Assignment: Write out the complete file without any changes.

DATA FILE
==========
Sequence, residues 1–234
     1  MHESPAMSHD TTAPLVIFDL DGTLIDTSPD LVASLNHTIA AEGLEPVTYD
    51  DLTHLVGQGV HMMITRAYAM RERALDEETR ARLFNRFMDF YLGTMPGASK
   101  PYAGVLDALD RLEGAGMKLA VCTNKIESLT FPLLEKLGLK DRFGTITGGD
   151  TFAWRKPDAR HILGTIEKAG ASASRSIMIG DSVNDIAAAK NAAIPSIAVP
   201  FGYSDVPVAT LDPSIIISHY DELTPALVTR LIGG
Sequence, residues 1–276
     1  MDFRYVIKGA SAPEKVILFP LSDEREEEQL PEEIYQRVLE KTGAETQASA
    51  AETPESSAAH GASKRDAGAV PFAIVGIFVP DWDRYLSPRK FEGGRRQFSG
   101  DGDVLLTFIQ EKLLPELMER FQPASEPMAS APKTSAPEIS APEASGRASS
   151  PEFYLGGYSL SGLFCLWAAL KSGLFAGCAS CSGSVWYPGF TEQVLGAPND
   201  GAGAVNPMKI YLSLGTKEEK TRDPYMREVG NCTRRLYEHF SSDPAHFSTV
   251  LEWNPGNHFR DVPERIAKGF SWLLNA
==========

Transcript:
Sequence, residues 1–234
     1  MHESPAMSHD TTAPLVIFDL DGTLIDTSPD LVASLNHTIA AEGLEPVTYD
    51  DLTHLVGQGV HMMITRAYAM RERALDEETR ARLFNRFMDF YLGTMPGASK
   101  PYAGVLDALD RLEGAGMKLA VCTNKIESLT FPLLEKLGLK DRFGTITGGD
   151  TFAWRKPDAR HILGTIEKAG ASASRSIMIG DSVNDIAAAK NAAIPSIAVP
   201  FGYSDVPVAT LDPSIIISHY DELTPALVTR LIGG
Sequence, residues 1–276
     1  MDFRYVIKGA SAPEKVILFP LSDEREEEQL PEEIYQRVLE KTGAETQASA
    51  AETPESSAAH GASKRDAGAV PFAIVGIFVP DWDRYLSPRK FEGGRRQFSG
   101  DGDVLLTFIQ EKLLPELMER FQPASEPMAS APKTSAPEIS APEASGRASS
   151  PEFYLGGYSL SGLFCLWAAL KSGLFAGCAS CSGSVWYPGF TEQVLGAPND
   201  GAGAVNPMKI YLSLGTKEEK TRDPYMREVG NCTRRLYEHF SSDPAHFSTV
   251  LEWNPGNHFR DVPERIAKGF SWLLNA